< Back to previous page
Effects of agriculture land use and fragmentation on genetics, demography and population persistence of the rare Primula vulgaris, and its implications for conservation
Journal Contribution - Journal Article
We examined the ecological, demographic and genetic consequences of agricultural land use practices and fragmentation on the long-term persistence of P. vulgaris (primrose), a rare and declining perennial herb in Flanders (Belgium). Analysis of the demographic performance of all remaining populations (n = 89) revealed a large proportion of inviable populations characterized by small population sizes and limited seedling recruitment. To investigate to what extent demographic performance was related to genetic variation and structure, allelic richness, observed and expected heterozygosity, Wright's inbreeding coefficient and FST were compared among senescent, stable and dynamic populations. No difference in any of these measures among population types was found, indicating that factors other than genetic diversity and structure were involved in determining demographic performance of primrose populations. No significant relationship was found between individual multilocus heterozygosity and fitness components related to adult plant size and number of flowers. Reproductive success was positively correlated to population size and showed no temporal variation over two consecutive years. Examination of recruitment success (seedling survival) in natural and experimental populations revealed that habitat quality had a large impact on recruitment success. In particular, populations along arable fields showed decreased recruitment rates compared to populations located in forests or along grasslands, especially in the absence of disturbance. Our results indicate that P. vulgaris is vulnerable to habitat deterioration associated with changes in land use. They also suggest that the quality of the surrounding landscape matrix may be more important than within-habitat characteristics, demographic or genetic traits in determining population viability. Integration of the results of this study with previously reported data on historical changes in the distribution range of primrose in Flanders suggests that under prevailing environmental conditions there will be a continuous decline in both the number and size of populations.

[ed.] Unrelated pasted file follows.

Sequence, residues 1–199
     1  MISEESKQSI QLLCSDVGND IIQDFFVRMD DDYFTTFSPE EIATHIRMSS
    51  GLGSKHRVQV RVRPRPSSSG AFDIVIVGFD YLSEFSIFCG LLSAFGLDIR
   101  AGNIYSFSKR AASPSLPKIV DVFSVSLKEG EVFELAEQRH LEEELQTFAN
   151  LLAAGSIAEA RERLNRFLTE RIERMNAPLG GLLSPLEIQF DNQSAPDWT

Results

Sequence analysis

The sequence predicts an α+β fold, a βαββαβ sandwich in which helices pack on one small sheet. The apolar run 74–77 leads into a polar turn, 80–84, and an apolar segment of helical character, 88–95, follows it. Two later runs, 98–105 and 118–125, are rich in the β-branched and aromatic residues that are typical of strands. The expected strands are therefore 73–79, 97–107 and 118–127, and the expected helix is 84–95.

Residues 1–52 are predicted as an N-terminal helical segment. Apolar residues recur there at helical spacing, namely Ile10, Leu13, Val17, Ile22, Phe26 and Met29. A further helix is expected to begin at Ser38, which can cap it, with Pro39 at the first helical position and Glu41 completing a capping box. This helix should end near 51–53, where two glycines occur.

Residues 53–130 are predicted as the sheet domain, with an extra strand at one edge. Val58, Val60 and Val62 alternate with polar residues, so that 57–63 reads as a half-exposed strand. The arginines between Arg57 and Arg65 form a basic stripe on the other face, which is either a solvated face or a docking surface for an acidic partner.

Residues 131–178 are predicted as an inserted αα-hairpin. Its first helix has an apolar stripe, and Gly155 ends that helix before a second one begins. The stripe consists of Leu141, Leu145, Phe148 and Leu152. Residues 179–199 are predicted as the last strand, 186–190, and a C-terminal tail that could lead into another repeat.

Journal: Belgian Journal of Botany
Number of pages: 18